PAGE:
Yucca Mountain Isn't Dead Yet

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A Nevada panel fighting a proposed Yucca Mountain dump for nuclear waste was told Wednesday that project backers face big obstacles but are still seeking approval of the dump and of rail shipping routes - including one through downtown Reno and Sparks.

The warning to the Nevada Commission on Nuclear Projects prompted its chairman, Richard Bryan, a former state governor and U.S. senator, to say, "This is no time to sit back and assume everything will unfold ... in our favor."

Bob Halstead, a transportation adviser to the commission, said rail shipments through the Reno-Sparks area would have a huge impact on commercial and residential properties near the route - possibly lowering their combined value by well over $1 billion.

Asked after the commission meeting why Nevada must press its fight against the dump, Halstead said, "We've driven a stake through this vampire's heart three or four times - and each time he stands up and says, 'Yucca Mountain."'

Halstead added that while U.S. Senate Majority Leader Harry Reid, D-Nev., has promised to block the Department of Energy's Yucca Mountain project, which already has cost at least $9 billion, Nevada remains the No. 1 target because no other states want to take high-level radioactive waste.

Energy Secretary Samuel Bodman said Feb. 5 that the DOE will prepare an application to the Nuclear Regulatory Commission for a license for the dump, about 90 miles northwest of Las Vegas, by June 2008. President Bush has asked Congress for nearly $500 million to allow completion of the application.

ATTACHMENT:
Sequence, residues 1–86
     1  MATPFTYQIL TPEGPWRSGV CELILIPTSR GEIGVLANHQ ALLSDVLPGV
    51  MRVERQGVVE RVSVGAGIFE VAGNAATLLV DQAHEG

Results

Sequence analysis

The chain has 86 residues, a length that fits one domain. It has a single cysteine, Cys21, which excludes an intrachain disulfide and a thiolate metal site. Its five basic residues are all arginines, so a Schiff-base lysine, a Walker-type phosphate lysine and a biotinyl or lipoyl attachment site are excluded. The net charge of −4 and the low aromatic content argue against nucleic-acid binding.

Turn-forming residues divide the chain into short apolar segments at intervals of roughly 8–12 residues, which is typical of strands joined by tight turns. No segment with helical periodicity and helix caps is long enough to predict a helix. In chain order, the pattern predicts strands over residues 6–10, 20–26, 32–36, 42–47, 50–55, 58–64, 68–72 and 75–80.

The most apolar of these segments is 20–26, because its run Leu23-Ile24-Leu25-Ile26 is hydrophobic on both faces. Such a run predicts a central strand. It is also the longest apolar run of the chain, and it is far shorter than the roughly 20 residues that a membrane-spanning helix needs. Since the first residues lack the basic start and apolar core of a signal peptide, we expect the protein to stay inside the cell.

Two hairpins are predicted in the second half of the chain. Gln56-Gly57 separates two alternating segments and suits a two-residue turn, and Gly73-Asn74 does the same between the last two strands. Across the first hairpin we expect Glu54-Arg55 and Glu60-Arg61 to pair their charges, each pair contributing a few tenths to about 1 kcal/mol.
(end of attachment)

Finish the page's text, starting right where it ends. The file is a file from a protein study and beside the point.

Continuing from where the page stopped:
Originally scheduled to open in 1998, the dump has been set back repeatedly by lawsuits, money shortfalls and scientific controversies. The DOE's current best-case opening date for the dump, which would hold 77,000 tons of waste, is 2017.

In his remarks to the commission, Halstead said some trains from waste-producing power plants would run on tracks parallel to Interstate 80 in northern Nevada, coming from the east and the west. Trains from the west would run through downtown Reno and Sparks.

The trains would then run south to Yucca Mountain along a route near U.S. 95, which goes through several rural towns including Schurz, Hawthorne, Mina, Tonopah and Goldfield. Halstead said the DOE's estimated cost of upgrading rail routes and laying new track is $1.6 billion - but he termed that "a made-up number."

Also speaking at the commission meeting was Sparks City Manager
Shaun Carey, who said the DOE rejected a request for a hearing on
the rail route. He said the route is of particular concern for his city, since it's home to a major rail operations yard.

Bob Loux, head of the state's Agency for Nuclear Projects, said it looks like the DOE wants to "deliberately keep people in northern Nevada out of the process."

DOE spokesman Allen Benson said a preliminary hearing on rail routes was held at the University of Nevada, Reno in late November, adding, "I don't know much closer we could get to Sparks City Hall." He said additional hearings will be held in northern Nevada in the future.

"We're years away from routes," he added. "We haven't settled on any routes. Our focus is on completing and submitting the licensing application."

Benson also said the federal government has been hauling nuclear waste by truck for half a century with no problems, and "we're quite confident we can continue our safety record."

Benson said waste headed for Yucca Mountain would be in solid form and security guards would accompany the trains, which would run about twice a week over a 24-year period.

(Copyright 2007 by The Associated Press. All Rights Reserved.)